In the time of King Herod, after Jesus was born in Bethlehem of Judea, wise men from the East came to Jerusalem, asking, “Where is the child who has been born king of the Jews? For we observed his star at its rising, and have come to pay him homage.”Matt 2:1-2
At this time of the church year, when Jesus comes to us as a child, it’s hard to think of him as “king of kings and lords of lords.” (Even as I wrote that sentence, my mind conjured Byzantine icons of an oddly adult child sitting on his mother’s lap and wearing a crown.) But from even before his birth, Jesus is described as a ruler. “He will be great,” the angel Gabriel tells Mary, “and will be called the Son of the Most High, and the Lord God will give to him the throne of his ancestor David” (Luke 1:32).
But what kind of king? Perhaps there’s a hint in the first person to whom God gave the throne of David: Solomon.
Born in scandal and younger than David’s other sons, Solomon only succeeds Israel’s greatest king because of the machinations of his mother, Bathsheba. The purge he uses to consolidate power makes him seem more like Herod than the Prince of Peace. But in today’s Old Testament reading, we see that Solomon, in at least one important respect, is a different kind of ruler.
God appears to him in a dream and gives Solomon the chance to ask for anything. The young king responds with remarkable humility and self-awareness:
…O Lord my God, you have made your servant king in place of my father David, although I am only a little child; I do not know how to go out or come in. And your servant is in the midst of the people whom you have chosen, a great people, so numerous they cannot be numbered or counted. Give your servant therefore an understanding mind to govern your people, able to discern between good and evil; for who can govern this your great people?1 Kings 3:7-9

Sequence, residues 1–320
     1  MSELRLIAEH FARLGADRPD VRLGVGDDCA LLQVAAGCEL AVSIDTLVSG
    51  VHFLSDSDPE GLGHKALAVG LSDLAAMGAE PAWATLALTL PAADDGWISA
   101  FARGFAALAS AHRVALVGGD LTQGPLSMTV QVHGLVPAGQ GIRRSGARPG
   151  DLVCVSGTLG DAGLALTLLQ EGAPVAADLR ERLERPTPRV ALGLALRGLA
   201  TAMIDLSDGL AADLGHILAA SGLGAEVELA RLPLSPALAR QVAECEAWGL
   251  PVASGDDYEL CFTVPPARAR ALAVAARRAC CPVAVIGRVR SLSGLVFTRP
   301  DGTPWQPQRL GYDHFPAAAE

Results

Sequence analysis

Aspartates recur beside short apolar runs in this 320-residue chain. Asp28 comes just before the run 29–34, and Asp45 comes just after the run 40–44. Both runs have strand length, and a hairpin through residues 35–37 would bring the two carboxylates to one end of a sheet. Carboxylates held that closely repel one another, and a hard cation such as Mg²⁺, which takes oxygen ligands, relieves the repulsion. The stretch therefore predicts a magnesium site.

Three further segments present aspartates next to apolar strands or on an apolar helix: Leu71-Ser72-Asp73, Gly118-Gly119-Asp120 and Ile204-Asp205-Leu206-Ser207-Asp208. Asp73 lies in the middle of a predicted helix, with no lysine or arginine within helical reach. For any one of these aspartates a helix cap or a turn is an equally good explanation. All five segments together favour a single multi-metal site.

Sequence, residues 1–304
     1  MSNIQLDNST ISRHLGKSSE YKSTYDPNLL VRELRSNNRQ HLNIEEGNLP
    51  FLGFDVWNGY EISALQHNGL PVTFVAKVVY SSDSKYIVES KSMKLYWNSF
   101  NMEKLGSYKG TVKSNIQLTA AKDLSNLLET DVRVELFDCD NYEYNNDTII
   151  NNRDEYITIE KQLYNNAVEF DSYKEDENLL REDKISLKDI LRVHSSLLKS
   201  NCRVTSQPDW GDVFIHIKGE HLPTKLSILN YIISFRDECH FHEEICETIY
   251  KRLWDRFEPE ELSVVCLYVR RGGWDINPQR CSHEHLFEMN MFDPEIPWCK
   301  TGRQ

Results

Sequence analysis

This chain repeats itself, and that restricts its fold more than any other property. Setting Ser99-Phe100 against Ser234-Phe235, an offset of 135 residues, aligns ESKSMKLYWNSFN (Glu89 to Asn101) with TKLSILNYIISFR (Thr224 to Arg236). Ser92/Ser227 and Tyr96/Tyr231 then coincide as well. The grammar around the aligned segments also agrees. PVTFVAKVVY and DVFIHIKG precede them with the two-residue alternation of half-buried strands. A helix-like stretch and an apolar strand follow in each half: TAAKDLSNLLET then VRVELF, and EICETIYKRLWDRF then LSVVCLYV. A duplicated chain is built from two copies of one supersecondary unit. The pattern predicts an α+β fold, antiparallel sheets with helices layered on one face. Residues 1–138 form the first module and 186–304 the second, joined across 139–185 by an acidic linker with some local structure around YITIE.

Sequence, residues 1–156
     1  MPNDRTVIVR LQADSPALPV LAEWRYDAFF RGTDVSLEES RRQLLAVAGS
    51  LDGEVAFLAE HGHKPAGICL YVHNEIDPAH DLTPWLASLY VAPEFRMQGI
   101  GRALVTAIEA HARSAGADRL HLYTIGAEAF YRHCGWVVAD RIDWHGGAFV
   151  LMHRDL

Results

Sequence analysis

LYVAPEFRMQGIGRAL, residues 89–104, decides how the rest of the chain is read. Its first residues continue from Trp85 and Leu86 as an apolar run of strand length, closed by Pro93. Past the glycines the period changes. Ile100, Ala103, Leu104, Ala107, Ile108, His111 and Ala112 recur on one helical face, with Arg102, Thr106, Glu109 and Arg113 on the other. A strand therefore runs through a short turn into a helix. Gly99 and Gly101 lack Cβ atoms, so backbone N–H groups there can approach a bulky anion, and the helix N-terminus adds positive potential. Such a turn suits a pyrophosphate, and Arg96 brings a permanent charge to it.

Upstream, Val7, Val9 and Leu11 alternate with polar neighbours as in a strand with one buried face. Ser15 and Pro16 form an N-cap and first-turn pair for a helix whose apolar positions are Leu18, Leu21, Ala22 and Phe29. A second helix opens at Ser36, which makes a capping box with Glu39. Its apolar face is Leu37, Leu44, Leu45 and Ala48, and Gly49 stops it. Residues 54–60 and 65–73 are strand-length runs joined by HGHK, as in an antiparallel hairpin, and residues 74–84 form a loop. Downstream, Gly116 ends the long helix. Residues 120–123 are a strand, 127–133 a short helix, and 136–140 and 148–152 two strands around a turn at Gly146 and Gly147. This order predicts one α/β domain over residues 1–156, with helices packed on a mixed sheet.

Impressed, the Lord grants Solomon’s request: ““Because you have asked this, and have not asked for yourself long life or riches, or for the life of your enemies, but have asked for yourself understanding to discern what is right, I now do according to your word. Indeed I give you a wise and discerning mind; no one like you has been before you and no one like you shall arise after you” (vv 11-12). Indeed, Solomon soon became known for possessing “very great wisdom, discernment, and breadth of understanding as vast as the sand on the seashore” (1 Kgs 4:29).
Just as Jesus will draw lovers of wisdom from afar, Solomon attracted admirers “from all the nations… from all the kings of the earth who had heard of his wisdom” (1 Kgs 4:34). Millennia later, perhaps people of this nation will enter 2021 more appreciative of the value of a wise ruler, having endured four years of leadership by a man whose mind discerns no difference between good and evil, who longs for nothing so much as riches and his enemies’ defeat. (“Righteous lips are the delight of a king,” Solomon might remind him, “and he loves those who speak what is right” — Prov 16:13.)
For all his wisdom, though, Solomon is just a king, not the “king of kings.”
At one point in his ministry, Jesus recalls how people came from the “ends of the earth to listen to the wisdom of Solomon,” but then declares that “something greater than Solomon is here!” (Matt 12:42) For Jesus is himself “the wisdom of God,” a wisdom “secret and hidden” that “none of the rulers of this age understood” (1 Cor 1:24, 2:7-8). A wisdom that chooses “what is low and despised in the world, things that are not, to reduce to nothing things that are” (1 Cor 1:28). A wisdom that makes a little child a king, crowns him with thorns, and uses his death to “destroy the wisdom of the wise.”